UPS will cut 12,000 jobs, due to weak demand and high union labor costs

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UPS announced it will cut 12,000 jobs, about 2.4% of its global workforce of more than 500,000 employees.

The logistics giant said on its earnings call Tuesday that in the fourth quarter it is seeking to cut costs by $1 billion, citing weak demand and high union labor costs.

“2023 has been a unique and difficult year,” Carol Toomey, the company’s CEO, said in a statement. “Through it all, we have remained focused on controlling what we can control, maintaining our strategy and strengthening our foundation for future growth.”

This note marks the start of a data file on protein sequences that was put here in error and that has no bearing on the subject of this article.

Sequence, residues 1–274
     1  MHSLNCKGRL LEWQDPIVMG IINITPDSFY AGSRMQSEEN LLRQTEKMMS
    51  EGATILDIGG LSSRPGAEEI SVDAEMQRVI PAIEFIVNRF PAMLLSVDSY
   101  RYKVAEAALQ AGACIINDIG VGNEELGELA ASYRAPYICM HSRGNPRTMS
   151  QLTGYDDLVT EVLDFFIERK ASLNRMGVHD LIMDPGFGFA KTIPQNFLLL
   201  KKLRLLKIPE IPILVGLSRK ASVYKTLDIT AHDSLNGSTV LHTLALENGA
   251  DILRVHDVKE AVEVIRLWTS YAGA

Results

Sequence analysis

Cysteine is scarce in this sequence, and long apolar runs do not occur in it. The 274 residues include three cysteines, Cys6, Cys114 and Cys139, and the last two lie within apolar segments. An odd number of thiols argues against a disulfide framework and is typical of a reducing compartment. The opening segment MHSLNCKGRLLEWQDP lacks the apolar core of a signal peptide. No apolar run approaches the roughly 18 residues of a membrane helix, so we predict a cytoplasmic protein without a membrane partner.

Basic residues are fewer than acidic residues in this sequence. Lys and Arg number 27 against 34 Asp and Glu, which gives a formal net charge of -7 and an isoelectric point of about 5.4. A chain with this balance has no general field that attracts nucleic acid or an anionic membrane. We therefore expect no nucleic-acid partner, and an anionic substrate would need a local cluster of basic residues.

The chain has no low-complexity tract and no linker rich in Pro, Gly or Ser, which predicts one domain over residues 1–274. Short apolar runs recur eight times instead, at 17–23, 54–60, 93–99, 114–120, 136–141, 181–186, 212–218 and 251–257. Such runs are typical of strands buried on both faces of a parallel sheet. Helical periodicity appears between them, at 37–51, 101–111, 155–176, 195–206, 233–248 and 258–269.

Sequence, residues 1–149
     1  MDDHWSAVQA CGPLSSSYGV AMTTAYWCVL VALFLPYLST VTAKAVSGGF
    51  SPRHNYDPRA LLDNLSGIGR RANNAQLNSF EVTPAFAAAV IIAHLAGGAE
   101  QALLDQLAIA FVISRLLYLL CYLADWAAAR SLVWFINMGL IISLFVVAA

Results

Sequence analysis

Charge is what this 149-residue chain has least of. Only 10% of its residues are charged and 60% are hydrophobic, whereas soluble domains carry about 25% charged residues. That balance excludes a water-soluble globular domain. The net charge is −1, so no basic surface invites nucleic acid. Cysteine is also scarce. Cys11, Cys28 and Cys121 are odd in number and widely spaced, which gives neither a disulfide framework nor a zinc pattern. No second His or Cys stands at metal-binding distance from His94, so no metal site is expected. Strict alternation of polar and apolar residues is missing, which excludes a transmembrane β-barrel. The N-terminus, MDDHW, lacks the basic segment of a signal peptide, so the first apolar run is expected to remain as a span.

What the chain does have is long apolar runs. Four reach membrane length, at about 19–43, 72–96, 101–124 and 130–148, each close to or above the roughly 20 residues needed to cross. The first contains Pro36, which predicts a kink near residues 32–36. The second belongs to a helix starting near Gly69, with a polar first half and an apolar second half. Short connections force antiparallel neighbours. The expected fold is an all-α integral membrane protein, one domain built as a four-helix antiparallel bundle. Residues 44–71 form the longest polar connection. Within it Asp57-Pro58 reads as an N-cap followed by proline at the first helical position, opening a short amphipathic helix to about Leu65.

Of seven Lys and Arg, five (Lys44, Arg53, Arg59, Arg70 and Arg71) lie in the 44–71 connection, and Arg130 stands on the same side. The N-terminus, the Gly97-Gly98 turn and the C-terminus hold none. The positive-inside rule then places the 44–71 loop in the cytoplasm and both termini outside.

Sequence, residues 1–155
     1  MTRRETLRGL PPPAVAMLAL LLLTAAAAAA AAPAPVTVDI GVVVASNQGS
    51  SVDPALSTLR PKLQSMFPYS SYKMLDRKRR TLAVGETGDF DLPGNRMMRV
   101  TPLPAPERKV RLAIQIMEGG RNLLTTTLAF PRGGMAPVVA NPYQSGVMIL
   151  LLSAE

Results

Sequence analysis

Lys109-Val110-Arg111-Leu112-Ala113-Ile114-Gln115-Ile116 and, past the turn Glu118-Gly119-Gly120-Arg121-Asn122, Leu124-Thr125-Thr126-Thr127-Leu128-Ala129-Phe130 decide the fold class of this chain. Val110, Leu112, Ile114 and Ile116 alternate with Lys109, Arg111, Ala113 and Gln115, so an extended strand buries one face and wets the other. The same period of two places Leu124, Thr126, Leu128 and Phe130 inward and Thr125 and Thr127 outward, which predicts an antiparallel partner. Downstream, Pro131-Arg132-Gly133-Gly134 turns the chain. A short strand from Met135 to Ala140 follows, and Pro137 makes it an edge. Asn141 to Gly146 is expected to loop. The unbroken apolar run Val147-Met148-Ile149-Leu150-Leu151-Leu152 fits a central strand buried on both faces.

A UPS spokesperson confirmed that the job cuts represent less than 3% of the company’s workforce and do not affect the roles represented by unions. The spokesman said that jobs around the world and in all functions will be affected by the company, and that 75% of the cuts will come in the first half of the year.

The company reported revenues for the fourth quarter of 2023 of $24.92 billion versus $25.43 billion expected by Wall Street analysts.

UPS shares fell more than 8% in Tuesday trading.

In July, UPS agreed to a $30 billion contract with the Teamsters union This raised the average wage for a full-time worker to $49 per hour and $21 per hour for a part-time worker.

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